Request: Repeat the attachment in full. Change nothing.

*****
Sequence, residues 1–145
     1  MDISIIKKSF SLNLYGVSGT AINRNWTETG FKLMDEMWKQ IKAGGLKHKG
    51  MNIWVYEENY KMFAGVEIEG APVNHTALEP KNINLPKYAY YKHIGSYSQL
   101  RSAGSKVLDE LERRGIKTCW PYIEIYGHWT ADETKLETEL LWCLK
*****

Sequence, residues 1–145
     1  MDISIIKKSF SLNLYGVSGT AINRNWTETG FKLMDEMWKQ IKAGGLKHKG
    51  MNIWVYEENY KMFAGVEIEG APVNHTALEP KNINLPKYAY YKHIGSYSQL
   101  RSAGSKVLDE LERRGIKTCW PYIEIYGHWT ADETKLETEL LWCLK